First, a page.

Hemp seeds contain a healthy dose of an amino acid called arginine. The consumption of arginine increases the amount of nitric oxide in the blood, which relaxes and dilates blood vessels, which in turn leads to lower blood pressure and reduced risk of heart disease. One study of 13,000 people found that increased arginine in the blood was associated with lower amounts of C-reactive protein, an inflammatory marker linked to heart disease. The high amount of gamma-linolenic acid (GLA) in hemp seeds is also thought to be beneficial to the health of the heart.

2. Hemp seeds are nutritious.

Walk into any health food store or Trader Joe’s and you’ll find chia seeds and flaxseeds. These seeds have been extolled as nutritious powerhouses, with protein comprising up to 18% of their caloric value. Well, hemp seeds are 25% protein, and in addition are high in heart-healthy essential fatty acids. Technically, hemp seeds are nuts, with a mild, pleasantly nutty flavor. They are also referred to as hemp hearts. Hemp seeds can be eaten raw or roasted, are also high in vitamin E and several minerals like potassium, magnesium, zinc, and phosphorus. In China, hemp seeds have been consumed for food and used as medicine for thousands of years.

3. Hemp seeds are an excellent source of complete plant-based protein.

As noted above, hemp seeds are 25% protein. Even better, they are a complete protein, i.e. they contain all the essential amino acids (essential amino acids are not made by the body and must be obtained through the diet). Not all plant sources contain the full regimen of amino acids. Ounce for ounce, hemp seeds are as good as beef or lamb as a protein source. Three tablespoons of hemp seeds provide 11 grams of complete protein.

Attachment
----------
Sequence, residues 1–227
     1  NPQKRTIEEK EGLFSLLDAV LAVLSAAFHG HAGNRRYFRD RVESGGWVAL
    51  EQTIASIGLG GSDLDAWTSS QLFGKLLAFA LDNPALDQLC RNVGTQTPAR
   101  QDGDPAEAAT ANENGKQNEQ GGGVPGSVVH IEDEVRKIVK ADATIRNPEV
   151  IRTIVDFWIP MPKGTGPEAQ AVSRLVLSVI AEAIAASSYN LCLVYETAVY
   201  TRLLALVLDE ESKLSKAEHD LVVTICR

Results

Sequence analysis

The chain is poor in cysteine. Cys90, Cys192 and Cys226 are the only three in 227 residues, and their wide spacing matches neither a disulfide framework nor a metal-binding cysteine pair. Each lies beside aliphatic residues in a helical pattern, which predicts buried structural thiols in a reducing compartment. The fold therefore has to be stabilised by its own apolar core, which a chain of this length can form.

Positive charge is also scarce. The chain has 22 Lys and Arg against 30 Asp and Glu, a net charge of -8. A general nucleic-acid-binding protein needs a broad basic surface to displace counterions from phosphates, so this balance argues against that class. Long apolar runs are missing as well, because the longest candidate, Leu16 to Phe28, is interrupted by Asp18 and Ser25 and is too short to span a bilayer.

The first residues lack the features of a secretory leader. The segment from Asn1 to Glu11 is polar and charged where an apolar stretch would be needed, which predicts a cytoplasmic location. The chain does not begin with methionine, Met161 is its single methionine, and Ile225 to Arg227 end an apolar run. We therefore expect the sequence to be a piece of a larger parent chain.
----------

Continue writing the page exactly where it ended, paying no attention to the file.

4. Hemp seeds may reduce the effects of skin diseases like eczema.

Hemp seeds have an optimal balance of omega-6 to omega-3 fatty acids (3:1). Fatty acids are thought to affect the body’s immune responses. The symptoms of some skin diseases (itchiness, redness, rash) like eczema are essentially immune responses, and hemp seeds, by improving the level of fatty acids in the body, may lessen the unpleasant symptoms of these skin ailments.

5. Hemp seeds are good for the digestion.

Un-hulled hemp seeds are an excellent source of soluble and insoluble fiber. Soluble fiber forms a gelatinous medium in the digestive system, favorable for healthy gut bacteria to flourish, and may also help regulate blood sugar and cholesterol. Insoluble fiber helps waste to pass through and out of the system.

6. Hemp seeds may help with PMS and menopause.

Studies have shown that gamma-linolenic acid (GLA) can be effective in reducing the symptoms of PMS. It is thought that PMS symptoms are the result of a hormone called prolactin. Hemp seeds are high in GLA, which produces prostaglandin E1, which reduces the symptoms caused by prolactin. Some studies have shown another high-GLA plant product, primrose oil, reduces menopause symptoms. It is believed that hemp seeds may afford the same benefits.

By Larry Schwartz